17 November 2008

The Dark History of Sedan Chairs 轎子的野史

The annual Sedan Chair Race to raise money for charities and to promote Matilda Hospital (明德醫院) was held yesterday morning. Every November, teams representing their corporate sponsors, clad in over-the-top costumes and carrying equally over-the-top sedan chairs, loop around the three-quarter mile route along Mt. Kellett Road on the Peak.

I used to live right on the intersection where Mt. Kellett Road meets Homestead Road. As early as September each year, from my living room window I would see young men and women training for the event, a scene that became synonymous with the arrival of autumn. I watched the race last year with great interest and took a copious amount of pictures, though I was miffed that few local Chinese turned up for the event. This year I was all gung-ho about entering the race with people from work, only to find out that we missed the registration deadline by two weeks.

In the end, I slept in that morning and wound up not watching the event altogether. To make up for missing the hoopla, I decided to read up on how the whole idea of a sedan race came about in the first place...


Read the rest of this article in HONG KONG State of Mind, published by Blacksmith Books, available at major bookstores in in Hong Kong, on Amazon and at Blacksmith Books.


  1. I've just discovered your blog from facebook and am really enjoying it.

    You say that you feel like you belong here as a part of the majority, and like to engaged in some criticism of CCP domestic and foreign policy. However, do you not think that the remnants of colonialism is a harrowing reminder of China's previous weakness?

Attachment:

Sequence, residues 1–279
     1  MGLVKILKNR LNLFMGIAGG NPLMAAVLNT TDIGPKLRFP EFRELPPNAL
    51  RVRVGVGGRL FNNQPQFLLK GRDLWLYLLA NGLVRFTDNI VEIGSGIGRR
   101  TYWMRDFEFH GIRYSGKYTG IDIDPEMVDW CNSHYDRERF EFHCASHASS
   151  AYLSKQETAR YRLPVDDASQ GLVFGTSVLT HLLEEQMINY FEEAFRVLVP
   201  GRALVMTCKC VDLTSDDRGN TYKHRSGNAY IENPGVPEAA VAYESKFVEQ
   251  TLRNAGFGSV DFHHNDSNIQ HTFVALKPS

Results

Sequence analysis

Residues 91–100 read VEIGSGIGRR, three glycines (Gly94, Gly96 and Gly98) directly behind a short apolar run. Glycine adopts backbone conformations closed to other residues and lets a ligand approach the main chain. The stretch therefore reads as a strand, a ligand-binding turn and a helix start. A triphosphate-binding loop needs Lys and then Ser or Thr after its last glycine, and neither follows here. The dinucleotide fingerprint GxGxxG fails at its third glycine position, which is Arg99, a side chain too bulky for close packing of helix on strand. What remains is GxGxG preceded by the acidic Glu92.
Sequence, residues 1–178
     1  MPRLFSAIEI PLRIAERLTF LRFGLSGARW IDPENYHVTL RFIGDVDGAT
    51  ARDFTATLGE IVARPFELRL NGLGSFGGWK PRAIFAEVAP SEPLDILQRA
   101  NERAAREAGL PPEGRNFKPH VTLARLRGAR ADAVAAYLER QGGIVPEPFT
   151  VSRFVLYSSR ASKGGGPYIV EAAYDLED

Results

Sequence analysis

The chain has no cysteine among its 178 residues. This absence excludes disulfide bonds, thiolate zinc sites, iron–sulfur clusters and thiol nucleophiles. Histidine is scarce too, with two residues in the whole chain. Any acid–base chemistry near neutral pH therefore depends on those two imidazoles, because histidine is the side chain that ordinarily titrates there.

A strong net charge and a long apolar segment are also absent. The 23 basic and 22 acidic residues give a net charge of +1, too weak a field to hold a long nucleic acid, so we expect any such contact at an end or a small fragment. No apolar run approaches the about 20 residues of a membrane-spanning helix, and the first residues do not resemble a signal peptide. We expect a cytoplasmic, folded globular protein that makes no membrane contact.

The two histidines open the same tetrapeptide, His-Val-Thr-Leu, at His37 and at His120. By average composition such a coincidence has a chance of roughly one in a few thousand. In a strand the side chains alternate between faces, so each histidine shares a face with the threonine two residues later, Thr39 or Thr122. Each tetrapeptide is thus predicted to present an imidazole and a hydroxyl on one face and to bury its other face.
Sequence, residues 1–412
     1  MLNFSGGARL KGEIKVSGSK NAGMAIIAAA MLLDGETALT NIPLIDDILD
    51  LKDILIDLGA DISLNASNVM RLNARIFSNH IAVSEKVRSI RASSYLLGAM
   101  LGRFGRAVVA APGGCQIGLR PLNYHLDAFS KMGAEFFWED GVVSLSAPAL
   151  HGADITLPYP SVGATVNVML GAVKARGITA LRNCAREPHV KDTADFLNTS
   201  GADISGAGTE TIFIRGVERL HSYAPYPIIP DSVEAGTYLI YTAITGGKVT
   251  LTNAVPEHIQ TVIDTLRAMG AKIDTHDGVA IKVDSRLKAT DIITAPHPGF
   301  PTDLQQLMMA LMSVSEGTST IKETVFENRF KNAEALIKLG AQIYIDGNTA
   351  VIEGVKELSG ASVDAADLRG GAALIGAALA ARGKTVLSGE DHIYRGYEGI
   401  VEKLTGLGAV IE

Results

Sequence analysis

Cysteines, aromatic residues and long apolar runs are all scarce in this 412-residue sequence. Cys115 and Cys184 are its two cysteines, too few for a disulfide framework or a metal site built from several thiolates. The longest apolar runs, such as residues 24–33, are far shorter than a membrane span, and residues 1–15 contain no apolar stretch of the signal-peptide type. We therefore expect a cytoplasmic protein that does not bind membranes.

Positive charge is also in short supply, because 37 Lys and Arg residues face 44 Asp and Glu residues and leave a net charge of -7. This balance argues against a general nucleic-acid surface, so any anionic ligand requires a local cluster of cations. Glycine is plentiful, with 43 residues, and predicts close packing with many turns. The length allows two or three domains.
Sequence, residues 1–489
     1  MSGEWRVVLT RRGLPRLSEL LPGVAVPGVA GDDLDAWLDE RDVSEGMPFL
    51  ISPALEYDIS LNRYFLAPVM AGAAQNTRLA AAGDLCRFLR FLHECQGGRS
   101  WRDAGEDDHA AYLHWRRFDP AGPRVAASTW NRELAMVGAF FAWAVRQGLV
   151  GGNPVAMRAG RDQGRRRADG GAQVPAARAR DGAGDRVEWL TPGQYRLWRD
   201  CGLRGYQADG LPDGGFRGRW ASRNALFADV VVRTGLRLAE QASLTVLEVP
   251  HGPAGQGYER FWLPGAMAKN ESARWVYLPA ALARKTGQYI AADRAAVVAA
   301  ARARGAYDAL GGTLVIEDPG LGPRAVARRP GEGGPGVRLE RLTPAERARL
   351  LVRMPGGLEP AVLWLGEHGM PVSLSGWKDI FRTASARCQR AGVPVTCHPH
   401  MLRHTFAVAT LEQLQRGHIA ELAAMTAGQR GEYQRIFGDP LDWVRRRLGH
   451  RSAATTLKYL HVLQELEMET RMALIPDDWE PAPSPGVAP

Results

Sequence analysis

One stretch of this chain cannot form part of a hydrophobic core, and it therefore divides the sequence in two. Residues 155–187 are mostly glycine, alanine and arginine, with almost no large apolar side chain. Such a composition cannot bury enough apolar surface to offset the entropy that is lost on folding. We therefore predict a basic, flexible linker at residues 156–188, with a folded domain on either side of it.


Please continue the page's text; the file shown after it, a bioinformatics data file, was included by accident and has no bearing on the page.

The entire institution of the island is based on it's history as a British colony correct? Including, (and forgive me if I'm being presumptuous), your own profession as a lawyer.

    Perhaps it's my own bias, but how can one truly be dominant in a land, when the entire system was built by those that presided over your forefathers?

    I was born in the mainland and grew up in New Zealand. I moved to HK to study around 9 months ago. One thing that really bothered me, and disturbs me still, is how people treat me different when I speak either Mandarin or English.

    Am interested to hear your thoughts on the issue. I understand that it is a very sensitive topic, forgive me if I have offended anyone in any way. It is by no means my intention.

  2. Thanks for your thoughtful comments, Steatoda. Add me on Facebook (jasonngglobal@hotmail.com) and I would love to continue our discussion.